Revamping a home, restoring the land

WAIMEA — New life is springing up around one of the oldest structures on Kauai’s Westside.

More than 100 different types of life, to be exact, and it’s all planted on a little more than an acre that surrounds Waimea Town’s iconic Gulick-Rowell House.

Built in 1829 by Rev. Peter Gulick and his wife, Fanny, the house locally known as the town’s haunted house is in the midst of a renovation as grand as its surrounding lands.

“About a year ago, this was nothing but dry, fallow land,” said Fanny Ballantine, who is working with her father, Jim Ballantine, and others to restore the site. “Now it’s producing so much.”

Jim Ballantine bought the property in 2016 with the purpose of restoring the house. He partnered with neighbor Clint Snyder, who was already trying to garner support for farming the unused land.

“It wasn’t being used for anything,” Snyder said. “I told Jim my idea when he bought it and it fit perfectly into what he wanted, so we started the project.”

Now, a walkway winds through different varieties of breadfruit and avocado, patches of herbs, pomegranate and fig trees, and rows of greens.

The gravestones of family members from the Gulick and Rowell missionary families that were found on the property have been restored as well.

“The goal is to figure out what works best over here on the Westside and then figuring out the best way to grow it in the space,” Snyder said. “Then we want to teach others how to plant their yards with food-bearing plants.”

Produce from the food forest, as well as wares from other local farmers and artisans, is sold at a stand on the lanai of the Gulick-Rowell House. On Wednesday, the group received approval to accept Supplemental Nutrition Assistance Program (SNAP) benefits at the farmers market.

Labor in the food forest is provided by student internships through several organizations, such as Malama Kauai.

The entire project is under the umbrella of Hale Puna, which means House of Coral, a nonprofit that’s in the process of being finalized. It’s also the new name of the house.

“We thought it was appropriate to rename the place now that its purpose is changing and has changed,” Fanny Ballantine said. “So we had a ceremony and a blessing to rename it.”

Providing locally sourced food and inspiration for others to grow their own food on their property is just half of the vision for Hale Puna. The other piece is to turn the historic home into a community center and visitor destination.

The house is on the U.S. National Register of Historic Places. Most of the walls and foundation are made from coral.

“Even the plaster they used is ground-up coral,” Fanny Ballantine said. “We think that’s the only reason this house is still standing. We like to say the rest of it is just termites holding hands.”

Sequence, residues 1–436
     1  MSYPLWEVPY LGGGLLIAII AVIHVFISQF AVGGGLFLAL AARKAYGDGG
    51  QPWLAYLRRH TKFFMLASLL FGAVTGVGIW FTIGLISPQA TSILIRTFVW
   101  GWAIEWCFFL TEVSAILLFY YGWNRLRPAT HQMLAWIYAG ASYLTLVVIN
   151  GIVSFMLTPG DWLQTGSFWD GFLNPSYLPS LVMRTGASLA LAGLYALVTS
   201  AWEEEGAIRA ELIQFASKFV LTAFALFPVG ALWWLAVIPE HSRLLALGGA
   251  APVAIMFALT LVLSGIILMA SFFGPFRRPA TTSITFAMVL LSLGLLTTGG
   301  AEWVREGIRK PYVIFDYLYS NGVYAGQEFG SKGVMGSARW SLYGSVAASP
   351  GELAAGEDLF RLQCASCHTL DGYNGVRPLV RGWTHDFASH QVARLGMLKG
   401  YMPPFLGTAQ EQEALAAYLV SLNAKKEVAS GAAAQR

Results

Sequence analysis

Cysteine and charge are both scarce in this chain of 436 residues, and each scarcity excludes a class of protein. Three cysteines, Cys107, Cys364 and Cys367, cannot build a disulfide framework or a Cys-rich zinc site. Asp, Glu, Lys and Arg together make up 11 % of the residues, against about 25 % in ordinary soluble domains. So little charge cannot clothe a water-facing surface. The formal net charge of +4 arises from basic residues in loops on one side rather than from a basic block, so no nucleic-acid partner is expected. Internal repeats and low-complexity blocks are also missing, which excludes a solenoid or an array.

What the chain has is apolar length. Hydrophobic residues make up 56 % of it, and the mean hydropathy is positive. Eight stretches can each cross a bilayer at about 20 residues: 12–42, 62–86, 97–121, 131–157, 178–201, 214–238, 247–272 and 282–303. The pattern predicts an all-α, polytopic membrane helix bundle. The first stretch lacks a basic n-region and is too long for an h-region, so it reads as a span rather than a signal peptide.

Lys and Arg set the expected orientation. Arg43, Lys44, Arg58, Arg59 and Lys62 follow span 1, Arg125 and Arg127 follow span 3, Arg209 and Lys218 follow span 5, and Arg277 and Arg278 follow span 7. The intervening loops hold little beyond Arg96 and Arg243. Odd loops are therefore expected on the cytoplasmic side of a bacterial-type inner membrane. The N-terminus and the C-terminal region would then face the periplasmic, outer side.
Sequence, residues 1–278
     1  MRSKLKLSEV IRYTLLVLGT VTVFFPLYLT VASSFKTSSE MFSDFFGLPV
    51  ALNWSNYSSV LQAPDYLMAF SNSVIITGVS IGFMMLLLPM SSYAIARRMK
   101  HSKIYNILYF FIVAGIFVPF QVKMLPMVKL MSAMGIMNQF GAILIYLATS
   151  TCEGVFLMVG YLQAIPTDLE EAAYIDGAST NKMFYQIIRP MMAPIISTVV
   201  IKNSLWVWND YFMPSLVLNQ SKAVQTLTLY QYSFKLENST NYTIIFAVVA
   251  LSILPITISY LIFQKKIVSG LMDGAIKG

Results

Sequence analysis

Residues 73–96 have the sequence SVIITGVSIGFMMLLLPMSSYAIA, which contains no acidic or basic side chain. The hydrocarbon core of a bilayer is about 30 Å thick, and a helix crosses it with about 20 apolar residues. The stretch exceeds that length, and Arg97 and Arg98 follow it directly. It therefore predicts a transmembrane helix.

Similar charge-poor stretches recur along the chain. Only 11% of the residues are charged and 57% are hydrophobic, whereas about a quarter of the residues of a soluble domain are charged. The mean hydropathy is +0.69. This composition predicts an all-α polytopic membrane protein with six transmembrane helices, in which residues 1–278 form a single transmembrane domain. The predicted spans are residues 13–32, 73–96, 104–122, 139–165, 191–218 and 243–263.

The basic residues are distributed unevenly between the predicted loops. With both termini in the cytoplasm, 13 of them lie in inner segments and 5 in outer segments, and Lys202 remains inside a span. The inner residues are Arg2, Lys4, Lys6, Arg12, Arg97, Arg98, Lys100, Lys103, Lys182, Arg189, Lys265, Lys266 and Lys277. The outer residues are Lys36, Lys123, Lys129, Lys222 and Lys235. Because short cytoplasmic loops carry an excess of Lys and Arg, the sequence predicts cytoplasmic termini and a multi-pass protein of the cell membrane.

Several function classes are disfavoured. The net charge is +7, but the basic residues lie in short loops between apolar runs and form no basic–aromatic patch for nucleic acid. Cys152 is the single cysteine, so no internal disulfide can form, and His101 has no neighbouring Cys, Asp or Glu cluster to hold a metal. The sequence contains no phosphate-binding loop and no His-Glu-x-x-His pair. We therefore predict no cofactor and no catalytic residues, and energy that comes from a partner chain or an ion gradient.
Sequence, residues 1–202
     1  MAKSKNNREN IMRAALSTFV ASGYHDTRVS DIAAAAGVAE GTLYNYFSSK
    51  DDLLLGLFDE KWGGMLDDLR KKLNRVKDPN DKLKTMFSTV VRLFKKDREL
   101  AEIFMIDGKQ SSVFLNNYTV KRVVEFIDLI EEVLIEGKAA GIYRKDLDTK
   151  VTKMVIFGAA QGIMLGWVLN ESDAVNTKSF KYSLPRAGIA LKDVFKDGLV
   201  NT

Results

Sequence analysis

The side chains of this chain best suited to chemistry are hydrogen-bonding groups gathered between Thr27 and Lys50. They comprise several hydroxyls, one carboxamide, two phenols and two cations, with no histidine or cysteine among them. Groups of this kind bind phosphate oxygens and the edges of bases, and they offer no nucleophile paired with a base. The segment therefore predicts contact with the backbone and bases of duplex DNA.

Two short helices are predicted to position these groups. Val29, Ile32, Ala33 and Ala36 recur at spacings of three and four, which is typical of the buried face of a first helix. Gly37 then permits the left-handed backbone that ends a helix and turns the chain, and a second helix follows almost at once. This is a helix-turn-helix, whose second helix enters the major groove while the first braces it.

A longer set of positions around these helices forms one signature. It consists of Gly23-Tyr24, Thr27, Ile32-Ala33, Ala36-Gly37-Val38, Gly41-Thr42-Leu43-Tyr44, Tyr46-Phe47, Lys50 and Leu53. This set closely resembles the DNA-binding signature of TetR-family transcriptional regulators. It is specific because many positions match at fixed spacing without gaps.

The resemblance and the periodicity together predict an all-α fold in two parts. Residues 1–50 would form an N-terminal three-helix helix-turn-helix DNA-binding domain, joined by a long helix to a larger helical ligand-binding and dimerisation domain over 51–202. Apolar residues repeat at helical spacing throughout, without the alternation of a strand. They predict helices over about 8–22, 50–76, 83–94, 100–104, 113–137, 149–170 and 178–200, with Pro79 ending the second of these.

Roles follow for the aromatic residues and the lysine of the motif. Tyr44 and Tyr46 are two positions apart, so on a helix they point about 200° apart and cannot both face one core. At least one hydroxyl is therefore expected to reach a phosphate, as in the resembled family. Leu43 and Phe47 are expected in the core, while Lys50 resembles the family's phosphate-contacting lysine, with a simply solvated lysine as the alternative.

And while they repair and restore the structure, the Ballantines are also considering how to proceed with upgrades.

“Do we restore it to the way it was in 1927 or do we go all the way back to the 1830s?” Fanny Ballantine said. “We are still making those decisions.”

The missionary house was last upgraded in 1927 when it received electricity and the original cooking stove was bricked in and plastered over.

It was occupied by the Gulick family from 1828 to 1835, and then was empty until 1846 when Rev. George Rowell and his wife, Malvinia, moved into the home.

The Rowells expanded the house to include room for their seven children. It became the parsonage for two different churches until Rowell had a falling out with the church.

The Rowells moved out of the house in 1884. Various people lived in it afterward, including the postmaster and a sheriff.

“They say the basement was used as a jail,” Fanny Ballantine said. “The leper that started the colony in the Kalalau, he escaped from here.”

As the story goes, Kaluaikoolau — also known as Koolau the Leper — didn’t want to go to the island of Molokai to join the leper colony when he was diagnosed with the disease.

“They say he was held here overnight, but he escaped to be with his family,” Fanny Ballantine said.

From 1928-2004, the Wramp family occupied the house, but it’s been empty for the past 12 years.

Local kids sometimes dare each other to toss a rock through a window and often come back with shadowy ghost stories, Fanny Ballantine said.

There was one death in the house during the Wramp family era — a 6-year-old boy who fell down the stairs.

“I was scared by a cat once, but what I really feel when I’m in here is the energy of the place. It’s seen so many things — it’s one of the oldest standing things on this island,” she said.


Wares and produce from vendors are available at Hale Puna at the farmers market every Monday afternoon from 3:30 p.m. to 5:30 p.m. under the giant monkeypod tree at 9567 Hukai Road.


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